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Old 02-04-2009, 12:54 PM   #20
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No, Johnson had a high enough profile due to Space:1999 for Lucas and producer Gary Kurtz to approach him to work on Star Wars, but he was contracted for the second season. That was the end as far as his contributing to SW. I don't see what you mean by borrowed technology, can you give an example?

The motion control technology was a direct descendent of Dykstra's work with the Institute of Urban and Regional Development in Berkeley in 1973, using a computer to control a camera dolly.



Ah, no again. Dykstra actually 'protected' his staff on Star Wars from the 20th Century Fox beaurocracy to the point where he alienated himself from Lucas, and wasn't asked to head up the new facility in San Francisco. Lucas rented out the Van Nuys facility to Universal for BG, but it was understood that the equipment and many of the staff would be moving north at a certain point.

Dykstra stayed on for the beginning of BG (and took an associate producer credit), but this was actually a con so that Universal would tool up the facility for him, replacing the hardware that belonged to Lucasfilm. He then stepped away from Galactica to develop the effects for a version of Altered States which was ultimately cancelled (Dykstra was to be an executive or associate producer on this project as well). Universal was left to reassign the in-house FX department (Universal Hartland) they had put together for the Buck Rogers feature to the Galactica work, which pushed the BR feature and series back to 1979.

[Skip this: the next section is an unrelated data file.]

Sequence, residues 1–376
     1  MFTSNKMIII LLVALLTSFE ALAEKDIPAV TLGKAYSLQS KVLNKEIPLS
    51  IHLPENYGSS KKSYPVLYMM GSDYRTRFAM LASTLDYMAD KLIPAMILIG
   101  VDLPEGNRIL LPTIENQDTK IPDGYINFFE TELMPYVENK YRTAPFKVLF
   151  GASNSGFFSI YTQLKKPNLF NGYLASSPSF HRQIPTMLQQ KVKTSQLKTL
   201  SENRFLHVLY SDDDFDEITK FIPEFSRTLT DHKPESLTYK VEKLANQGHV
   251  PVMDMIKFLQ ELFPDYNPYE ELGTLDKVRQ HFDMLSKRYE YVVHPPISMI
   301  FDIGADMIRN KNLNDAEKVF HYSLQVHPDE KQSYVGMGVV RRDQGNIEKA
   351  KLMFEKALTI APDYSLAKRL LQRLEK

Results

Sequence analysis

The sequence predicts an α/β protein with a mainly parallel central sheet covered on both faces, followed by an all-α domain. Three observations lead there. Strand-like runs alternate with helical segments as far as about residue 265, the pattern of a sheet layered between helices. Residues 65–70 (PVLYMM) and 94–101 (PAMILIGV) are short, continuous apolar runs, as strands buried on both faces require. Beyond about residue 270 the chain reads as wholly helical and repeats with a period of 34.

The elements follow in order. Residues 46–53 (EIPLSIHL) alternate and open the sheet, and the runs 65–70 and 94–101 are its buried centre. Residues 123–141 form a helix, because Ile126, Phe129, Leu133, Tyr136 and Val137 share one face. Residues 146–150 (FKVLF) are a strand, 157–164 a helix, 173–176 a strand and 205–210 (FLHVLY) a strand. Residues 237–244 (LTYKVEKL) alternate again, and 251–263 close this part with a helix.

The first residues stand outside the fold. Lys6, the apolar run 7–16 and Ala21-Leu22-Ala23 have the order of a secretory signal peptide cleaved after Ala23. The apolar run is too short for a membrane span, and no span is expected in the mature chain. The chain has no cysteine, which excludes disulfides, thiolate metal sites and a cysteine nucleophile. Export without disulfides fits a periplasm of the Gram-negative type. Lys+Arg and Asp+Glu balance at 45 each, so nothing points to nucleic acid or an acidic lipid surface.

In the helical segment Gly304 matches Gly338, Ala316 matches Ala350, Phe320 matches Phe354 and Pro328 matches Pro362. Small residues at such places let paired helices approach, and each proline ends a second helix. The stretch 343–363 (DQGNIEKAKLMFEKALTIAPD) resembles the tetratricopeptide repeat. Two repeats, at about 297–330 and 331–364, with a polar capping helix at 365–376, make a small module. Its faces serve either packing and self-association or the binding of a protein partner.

Dykstra successfully operated the Van Nuys facility as Apogee for well over a decade, before he and the senior partners made a conscious decision to close shop in the early 90's. He then moved onto freelance work in theme-park attractions, similar to the path Doug Trumbull was blazing, before returning to feature film FX supervision on the Batman and Spider-Man films. I'm pretty sure he won an Oscar for one of them (just checked Wiki; it was Spider-Man 2).